Face, Content, and Construct Validation of the da Vinci Skills Simulator
Douglas C.Kelly, Andrew C.Margules, Chandan R.Kundavaram, Hadley Narins, Leonard G.Gomell, Edouard J.Trabulsi, Costas D.Lallas
To report on assessments of face, content, and construct validity for the commercially available da Vinci Skills Simulator (dVSS).
A total of 38 subjects participated in this prospective study. Participants were classified as novice (0 robotic cases performed), intermediate (1-74 robotic cases), or expert (≥75 robotic cases). Each subject completed 5 exercises. Using the metrics available in the simulator software, the performances of each group were compared to evaluate construct validation. Immediately after completion of the exercises, each subject completed a questionnaire to evaluate face and content validation.
The novice group consisted of 18 medical students and 1 resident. The intermediate group included 6 residents, 1 fellow, and 2 faculty urologist. The expert group consisted of 2 residents, 1 fellow, and 7 faculty surgeons. The mean number of robotic cases performed by the intermediate and expert groups was 29.2 and 233.4, respectively. An overall significant difference was observed in favor of the more experienced group in 4 skill sets. When intermediates and experts were combined into a single “experienced” group, they significantly outperformed novices in all 5 exercises. Intermediates and experts rated various elements of the simulators realism at an average of 4.1/5 and 4.3/5, respectively. All intermediate and expert participants rated the simulator’s value as a training tool as 4/5 or 5/5.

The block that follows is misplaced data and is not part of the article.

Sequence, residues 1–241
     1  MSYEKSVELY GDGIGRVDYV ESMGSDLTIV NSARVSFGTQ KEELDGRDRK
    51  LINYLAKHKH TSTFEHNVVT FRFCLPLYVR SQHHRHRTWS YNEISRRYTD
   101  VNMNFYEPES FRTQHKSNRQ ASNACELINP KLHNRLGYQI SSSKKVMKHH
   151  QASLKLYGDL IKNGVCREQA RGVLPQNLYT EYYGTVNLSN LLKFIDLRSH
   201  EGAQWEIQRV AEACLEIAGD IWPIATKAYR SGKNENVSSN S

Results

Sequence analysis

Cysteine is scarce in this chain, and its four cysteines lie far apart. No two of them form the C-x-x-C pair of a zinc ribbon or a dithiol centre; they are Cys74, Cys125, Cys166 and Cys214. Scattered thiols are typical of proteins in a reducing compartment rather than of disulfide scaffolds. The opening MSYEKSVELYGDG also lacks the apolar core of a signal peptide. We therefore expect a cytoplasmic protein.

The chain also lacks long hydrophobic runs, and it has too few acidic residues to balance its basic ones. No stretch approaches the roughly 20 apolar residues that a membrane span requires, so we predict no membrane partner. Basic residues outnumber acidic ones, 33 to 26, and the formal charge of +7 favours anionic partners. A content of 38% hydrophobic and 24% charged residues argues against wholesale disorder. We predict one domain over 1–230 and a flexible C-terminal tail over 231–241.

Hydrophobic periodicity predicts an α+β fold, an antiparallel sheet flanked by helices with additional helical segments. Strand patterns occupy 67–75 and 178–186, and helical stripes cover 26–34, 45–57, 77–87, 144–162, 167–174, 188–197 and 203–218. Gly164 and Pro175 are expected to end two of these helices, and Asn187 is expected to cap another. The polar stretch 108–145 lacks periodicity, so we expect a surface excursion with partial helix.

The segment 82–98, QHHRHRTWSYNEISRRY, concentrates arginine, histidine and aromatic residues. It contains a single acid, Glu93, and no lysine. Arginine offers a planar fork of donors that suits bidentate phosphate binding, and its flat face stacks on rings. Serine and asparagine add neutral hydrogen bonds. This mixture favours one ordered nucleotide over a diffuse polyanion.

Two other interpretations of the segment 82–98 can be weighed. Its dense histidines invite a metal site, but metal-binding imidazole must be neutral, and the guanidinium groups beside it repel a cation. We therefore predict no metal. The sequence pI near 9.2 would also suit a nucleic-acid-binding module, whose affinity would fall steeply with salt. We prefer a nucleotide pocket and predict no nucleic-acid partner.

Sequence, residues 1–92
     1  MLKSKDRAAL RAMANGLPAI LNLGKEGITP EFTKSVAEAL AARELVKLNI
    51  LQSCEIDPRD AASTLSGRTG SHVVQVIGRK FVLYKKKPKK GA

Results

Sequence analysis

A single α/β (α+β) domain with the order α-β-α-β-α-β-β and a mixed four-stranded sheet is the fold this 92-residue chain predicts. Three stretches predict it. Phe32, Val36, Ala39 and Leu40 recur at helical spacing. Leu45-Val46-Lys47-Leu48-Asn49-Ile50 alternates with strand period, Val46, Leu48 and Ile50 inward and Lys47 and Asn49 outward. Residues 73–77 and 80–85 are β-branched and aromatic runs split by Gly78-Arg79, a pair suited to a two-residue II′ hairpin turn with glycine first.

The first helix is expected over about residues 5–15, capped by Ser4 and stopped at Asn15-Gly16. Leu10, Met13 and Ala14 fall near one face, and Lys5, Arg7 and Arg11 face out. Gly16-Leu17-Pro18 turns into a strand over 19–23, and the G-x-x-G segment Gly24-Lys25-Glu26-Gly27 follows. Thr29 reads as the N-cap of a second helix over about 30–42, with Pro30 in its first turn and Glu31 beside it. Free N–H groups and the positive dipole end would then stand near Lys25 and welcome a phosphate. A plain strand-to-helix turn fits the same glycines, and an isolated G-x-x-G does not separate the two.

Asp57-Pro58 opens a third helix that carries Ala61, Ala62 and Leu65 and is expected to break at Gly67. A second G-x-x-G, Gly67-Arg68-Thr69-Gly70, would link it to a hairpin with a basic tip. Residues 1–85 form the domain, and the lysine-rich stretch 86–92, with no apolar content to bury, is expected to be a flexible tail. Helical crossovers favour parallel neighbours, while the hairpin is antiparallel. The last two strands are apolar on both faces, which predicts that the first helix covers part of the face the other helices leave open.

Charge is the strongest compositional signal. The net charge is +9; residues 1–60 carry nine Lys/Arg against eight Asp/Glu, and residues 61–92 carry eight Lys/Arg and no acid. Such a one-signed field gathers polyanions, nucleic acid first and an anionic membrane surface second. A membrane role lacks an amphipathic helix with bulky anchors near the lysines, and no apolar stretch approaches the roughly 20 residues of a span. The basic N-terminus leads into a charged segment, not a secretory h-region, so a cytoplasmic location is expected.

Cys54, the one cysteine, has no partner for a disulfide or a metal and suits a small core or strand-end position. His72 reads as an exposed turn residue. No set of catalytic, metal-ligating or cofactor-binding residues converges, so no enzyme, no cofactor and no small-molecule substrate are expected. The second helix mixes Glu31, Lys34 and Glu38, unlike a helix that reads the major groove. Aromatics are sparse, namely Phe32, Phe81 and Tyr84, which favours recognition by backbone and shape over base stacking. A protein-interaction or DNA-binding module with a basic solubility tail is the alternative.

Our study supports the face, content, and construct validation attributed to the dVSS. These results indicate that the simulator may be most useful to novice surgeons seeking basic robot skills acquisition.